A few decades ago, inner fortitude was the approved way of dealing with misfortune; now it is therapy, usually in the form of counselling, which is the fashion. Many people believe that their current unhappiness has its roots in the fact that they were not offered counselling after an unpleasant occurrence in their lives which could be anything from the death of a family pet to a friend’s traumatic operation. All human suffering can be put right by therapy.
It could be argued that therapy is a force for good, that the famous British stiff upper lip has led to repression and pent-up angst, an outlet for which would be beneficial for the patient. But it wasn’t that long ago that if you faced a dilemma or difficult time, you looked to your close friends and relatives for succour and solace. It has to be said that religion probably played a greater part in people’s lives than it does today so maybe some prayed or turned to God or their priest for help. Now though I think there is almost an expectation that one should be happy at all times and if you don’t feel that way or display signs of sadness it can be perceived as weakness, a sense of being a “loser.” There is a fear of being honest to those close to us about these emotions, thus it is now a given that one should be offered counselling by a (paid) third party instead of unburdening problems to friends. As Doctor Theodore Dalrymple puts it, this has led to,”perfectly normal, inescapable human experiences-such as those of loss, conflict, ambivalence and anxiety-are turned into quasi-medical problems to be treated by quasi-medical means.”
In other words our therapy culture could be doing more harm than good. It has certainly been proved that the increase in reality TV programmes and confessional autobiographies along with hundreds of self-help books has left young people. especially, feeling vulnerable. Since 1997, millions of pounds has been spent in schools on “nurture groups,wellbeing classes, mentoring schemes, counsellors and drama groups” with no tangible evidence that they have actually done any good. As the former Archbishop of Canterbury, Rowan Williams put it, ” talk about ‘emotional literacy’ can turn in to a recipe for emotional illiteracy if it refuses to deal with the challenges of managing the reality of others,the inevitability of frustration and the tough edges of choice.”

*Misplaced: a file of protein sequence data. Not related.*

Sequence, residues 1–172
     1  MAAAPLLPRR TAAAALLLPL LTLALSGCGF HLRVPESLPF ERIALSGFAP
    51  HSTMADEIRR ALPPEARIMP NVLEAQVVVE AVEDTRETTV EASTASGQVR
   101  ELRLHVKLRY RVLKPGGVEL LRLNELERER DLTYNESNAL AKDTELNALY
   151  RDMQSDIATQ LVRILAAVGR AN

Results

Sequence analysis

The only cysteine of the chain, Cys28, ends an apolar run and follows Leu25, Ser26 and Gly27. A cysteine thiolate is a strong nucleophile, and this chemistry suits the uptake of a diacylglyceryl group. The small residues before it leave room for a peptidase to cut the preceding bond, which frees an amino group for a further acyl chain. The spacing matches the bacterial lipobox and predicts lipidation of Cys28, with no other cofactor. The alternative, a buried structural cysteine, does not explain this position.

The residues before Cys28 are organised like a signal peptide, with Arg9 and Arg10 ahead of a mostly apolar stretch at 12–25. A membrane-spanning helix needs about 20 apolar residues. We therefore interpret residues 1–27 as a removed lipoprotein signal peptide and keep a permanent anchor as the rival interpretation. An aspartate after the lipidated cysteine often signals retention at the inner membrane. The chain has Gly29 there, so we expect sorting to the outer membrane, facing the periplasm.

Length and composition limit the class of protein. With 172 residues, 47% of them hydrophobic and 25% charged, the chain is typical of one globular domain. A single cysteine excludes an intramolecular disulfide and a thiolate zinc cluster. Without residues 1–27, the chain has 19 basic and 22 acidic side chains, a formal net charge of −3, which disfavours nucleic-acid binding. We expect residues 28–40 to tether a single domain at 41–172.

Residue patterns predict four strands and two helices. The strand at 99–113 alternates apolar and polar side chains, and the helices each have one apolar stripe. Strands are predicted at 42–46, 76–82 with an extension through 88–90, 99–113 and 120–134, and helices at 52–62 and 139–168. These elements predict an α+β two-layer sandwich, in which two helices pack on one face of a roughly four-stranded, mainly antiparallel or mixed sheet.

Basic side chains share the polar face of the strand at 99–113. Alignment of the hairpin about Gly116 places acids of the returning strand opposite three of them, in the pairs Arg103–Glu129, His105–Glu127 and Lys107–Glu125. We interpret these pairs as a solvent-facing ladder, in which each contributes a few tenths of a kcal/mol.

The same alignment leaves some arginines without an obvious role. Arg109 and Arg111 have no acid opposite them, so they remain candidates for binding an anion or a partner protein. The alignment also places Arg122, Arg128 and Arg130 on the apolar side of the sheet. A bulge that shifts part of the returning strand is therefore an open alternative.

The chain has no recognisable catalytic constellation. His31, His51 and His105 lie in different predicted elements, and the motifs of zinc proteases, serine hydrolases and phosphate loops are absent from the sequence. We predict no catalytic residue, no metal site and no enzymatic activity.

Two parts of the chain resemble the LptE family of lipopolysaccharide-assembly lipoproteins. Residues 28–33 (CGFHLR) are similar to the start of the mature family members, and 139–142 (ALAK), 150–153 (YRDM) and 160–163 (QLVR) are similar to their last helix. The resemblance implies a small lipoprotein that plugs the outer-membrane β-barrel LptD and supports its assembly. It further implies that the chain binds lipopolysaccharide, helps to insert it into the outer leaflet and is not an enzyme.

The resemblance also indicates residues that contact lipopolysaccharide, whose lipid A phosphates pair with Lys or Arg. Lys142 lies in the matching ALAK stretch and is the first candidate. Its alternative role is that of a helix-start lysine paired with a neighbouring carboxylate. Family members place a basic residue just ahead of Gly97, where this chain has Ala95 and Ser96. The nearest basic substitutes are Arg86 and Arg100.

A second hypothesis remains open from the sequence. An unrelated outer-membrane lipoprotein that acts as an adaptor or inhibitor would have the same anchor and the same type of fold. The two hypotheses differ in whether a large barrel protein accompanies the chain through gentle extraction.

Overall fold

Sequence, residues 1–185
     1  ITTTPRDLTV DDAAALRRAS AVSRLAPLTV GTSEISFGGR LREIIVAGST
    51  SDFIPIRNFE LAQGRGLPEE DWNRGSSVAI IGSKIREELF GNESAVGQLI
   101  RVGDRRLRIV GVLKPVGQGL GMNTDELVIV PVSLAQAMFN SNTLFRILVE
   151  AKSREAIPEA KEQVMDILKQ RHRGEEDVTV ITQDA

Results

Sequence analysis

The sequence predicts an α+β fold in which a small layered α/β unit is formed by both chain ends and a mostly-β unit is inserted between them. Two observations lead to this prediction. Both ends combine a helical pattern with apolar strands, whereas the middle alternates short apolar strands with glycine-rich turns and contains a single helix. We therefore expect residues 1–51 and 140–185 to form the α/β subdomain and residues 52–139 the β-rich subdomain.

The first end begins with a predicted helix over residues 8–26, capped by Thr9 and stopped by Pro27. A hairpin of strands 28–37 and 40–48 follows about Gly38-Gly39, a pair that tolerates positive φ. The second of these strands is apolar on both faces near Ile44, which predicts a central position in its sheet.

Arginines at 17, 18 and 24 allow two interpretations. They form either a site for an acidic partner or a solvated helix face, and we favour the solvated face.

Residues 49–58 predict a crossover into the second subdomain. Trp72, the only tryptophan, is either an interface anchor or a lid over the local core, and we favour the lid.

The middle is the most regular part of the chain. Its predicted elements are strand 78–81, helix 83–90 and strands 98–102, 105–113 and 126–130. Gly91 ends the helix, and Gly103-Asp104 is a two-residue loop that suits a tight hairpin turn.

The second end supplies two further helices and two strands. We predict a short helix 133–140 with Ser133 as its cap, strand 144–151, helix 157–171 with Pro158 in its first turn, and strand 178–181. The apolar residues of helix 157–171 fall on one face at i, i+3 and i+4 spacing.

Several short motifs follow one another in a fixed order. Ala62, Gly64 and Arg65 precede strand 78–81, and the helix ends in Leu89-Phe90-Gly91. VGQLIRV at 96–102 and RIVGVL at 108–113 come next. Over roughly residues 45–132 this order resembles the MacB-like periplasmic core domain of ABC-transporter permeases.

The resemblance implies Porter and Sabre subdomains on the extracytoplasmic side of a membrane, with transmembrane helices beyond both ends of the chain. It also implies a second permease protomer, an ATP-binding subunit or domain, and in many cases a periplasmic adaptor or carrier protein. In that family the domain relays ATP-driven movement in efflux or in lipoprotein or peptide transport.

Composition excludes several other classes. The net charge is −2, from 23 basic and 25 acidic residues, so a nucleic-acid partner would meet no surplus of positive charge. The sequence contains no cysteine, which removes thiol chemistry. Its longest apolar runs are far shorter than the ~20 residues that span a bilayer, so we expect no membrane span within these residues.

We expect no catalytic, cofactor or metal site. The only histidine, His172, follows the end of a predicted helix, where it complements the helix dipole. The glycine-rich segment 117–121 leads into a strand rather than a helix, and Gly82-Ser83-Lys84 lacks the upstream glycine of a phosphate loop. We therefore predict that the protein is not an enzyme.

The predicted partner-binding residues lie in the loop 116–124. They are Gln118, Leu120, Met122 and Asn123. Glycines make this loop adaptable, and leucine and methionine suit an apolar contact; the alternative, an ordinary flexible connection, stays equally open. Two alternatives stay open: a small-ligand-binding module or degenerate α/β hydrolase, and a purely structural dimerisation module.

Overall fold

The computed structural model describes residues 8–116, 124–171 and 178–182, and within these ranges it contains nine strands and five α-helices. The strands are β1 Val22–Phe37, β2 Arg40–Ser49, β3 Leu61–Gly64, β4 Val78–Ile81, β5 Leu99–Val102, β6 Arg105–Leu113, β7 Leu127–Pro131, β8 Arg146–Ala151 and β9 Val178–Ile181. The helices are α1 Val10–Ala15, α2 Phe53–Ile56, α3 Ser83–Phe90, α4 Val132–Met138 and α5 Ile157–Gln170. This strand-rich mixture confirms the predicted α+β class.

It is definitely true that our culture is saturated with the language and mindset of therapy. My six year old tells me that I’m “stressing her out.” I am constantly reminded in parenting books about the importance of instilling “high self-esteem” in my children. Any mistakes I unwittingly make now could result in them having years of costly therapy.Therapists naturally like to reinforce beliefs that we are at risk of mental illness if we don’t have a cathartic chat about our traumas to a professional. There is no evidence that this is true; in fact the evidence is strong that most people are resilient and that this is self-reinforcing but if you persuade people they are weak and fragile, this is what they become. Psychiatric assistance can sometimes do more harm than good. A trusted close confidant is surely a better option.